First we’ll go over the basics.
Installing the Treeview Control
To install the control into your environment, unzip the file you downloaded and double-click the file named VBLSTreeviewControl.vsix.
This will install the control and allow LightSwitch to find it. You should have LightSwitch and Visual Studio closed when performing the above step. You must open a fresh instance of LightSwitch after you have installed the extension.
Enabling the Treeview Control in Your LightSwitch Project
After installing the control following the above procedure, open a new or existing LightSwitch project. For the purposes of this tutorial, we will create a new project named TestVBLSTreeviewControl.
Double-click on the Properties of the project. This will open the Properties designer of the project where you should select the Extensions tab on the left side of the window.
Depending on what other LightSwitch Controls you have installed, your list of extensions will vary. You should see the VBLSTreeviewControl in the list. Check the checkbox to the left of the control name. That’s all there is to it. You are ready to use the control.
Adding a Data Source
Now we need to add a hierarchical data source. Right-click on the Data Sources folder in the Solution Explorer window and select Add Table. Name the table Product Category and add two string fields named Name and Description to the table.
Next, in the strip above the table, select Add Relationship. In the dropdown under To, select Product Category for Name and Zero or One for Mulitplicity as in the screenshot below.
Next, we will name the two ends or Navigation Properties of the relationship. Rename the singular navigation property (ProductCategory1) to Parent. Rename the plural navigation property (ProductCategories) to Children. The Add New Relationship dialog should look like the following:
And the table definition will look like the following:
Adding a Screen
Now that we have a hierarchical data source, we can add a screen to our project. Right-click on the Screens folder in Solution Explorer and select Add Screen. In the Add New Screen Dialog, select a List and Details Screen for the Screen Template and ProductCategories for the Screen Data.
Press OK to generate the screen.
Adding the Treeview Control to the Screen
When the screen designer first opens after creating the screen, it should look like this:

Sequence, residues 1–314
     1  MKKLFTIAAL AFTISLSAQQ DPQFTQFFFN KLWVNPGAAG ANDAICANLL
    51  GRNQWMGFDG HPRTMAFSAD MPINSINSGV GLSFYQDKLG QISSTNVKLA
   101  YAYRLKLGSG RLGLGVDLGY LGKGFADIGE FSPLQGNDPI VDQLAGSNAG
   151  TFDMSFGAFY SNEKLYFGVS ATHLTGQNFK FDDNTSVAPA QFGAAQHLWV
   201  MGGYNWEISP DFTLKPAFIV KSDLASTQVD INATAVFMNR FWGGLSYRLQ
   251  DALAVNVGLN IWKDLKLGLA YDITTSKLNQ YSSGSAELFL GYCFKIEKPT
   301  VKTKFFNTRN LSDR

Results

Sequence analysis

Notice that the default List control is being used to display the collection of Product Categories. Click on the dropdown arrow to the right of the List and select the Treeview.
If the Properties window is not visible, press F4 or Select View….Properties Window from the main menu. The properties of the Treeview should be displayed in the window. Notice the default values for some of the properties are set. Parent Property Path to Parent, Children Property Path to Children and Display Member Name to Name. When dealing with existing data that you did not define, you may need to change these properties to the names of the correct fields in the data you are using. Since we defined our own data table and named the fields correctly, the default field names will work for us.
You may want to scroll down and review the rest of the Properties.
Running the Test Application
Now you can run the project and see the Treeview in action. The application will look like the following.
Notice the command buttons underneath the control. These are generated by LightSwitch and can be removed since we have the built-in command buttons in the control. Select the Design Screen button in the upper right corner of the Application Ribbon and you will go into Design Mode as follows:
Open the Command Bar element under the Treeview Control to expose the Command Buttons.
Press the Delete Key for each of the three buttons and then press Save in the upper right corner of the Design Panel. Now your application should look like:
Notice the buttons above the control. The first button (a green plus sign) is used to add an item to the Treeview at the same level as the selected item, or if no item is selected, to the root of the tree.
The second button (a hierarchy with a plus sign) is used to add a child element to the selected element. Note that it is grayed out because no item is currently selected.
The third button (a pencil) is used to place the selected item into edit mode. It too is grayed out.
The fourth and final button is an “X” that is used to delete the currently selected item. It is grayed out as well.
Try pressing the Add Item button on the left. A new item is added to the root of the tree.
Also, notice that the three buttons that were disabled before are now enabled since the new item is automatically selected.
Try editing the name of the New Item. This can be done by changing the name in the details panel to the right of the control, or by double clicking the item in the Treeview and editing it in-place. When done editing, press the Return or Enter key and the name will be updated.
To save changes, press the Save button in the upper left of the Application Ribbon.
Now try adding a child element. Press the second button from the left in the control’s command bar that looks like a hierarchy. A new element will be added below the selected one. The new element will be selected and the screen should look something like the following:
You should be able to add, edit and delete elements in the tree as you wish. Go ahead and experiment a little on your own. For the sample, I’ve begun a Bicycle Product Hierarchy as below:
Update: Turn Data Paging Off
If you expect to have more items in the tree than the paging size, you need to turn data paging off. To do this, select the collection that is the item source for the tree (ProductCategories in our case) and in the properties window, uncheck the box named Supports Paging. Otherwise, the tree will only load the first page of data.
Deleting Child Elements
UPDATE: A new property has been added to allow automatic deletion of children. Delete Child Items
Checking “Delete Child Items” will automatically delete children of a deleted Parent item. If you do not want this behavior, just leave that option unchecked.
Using the Basic Treeview Properties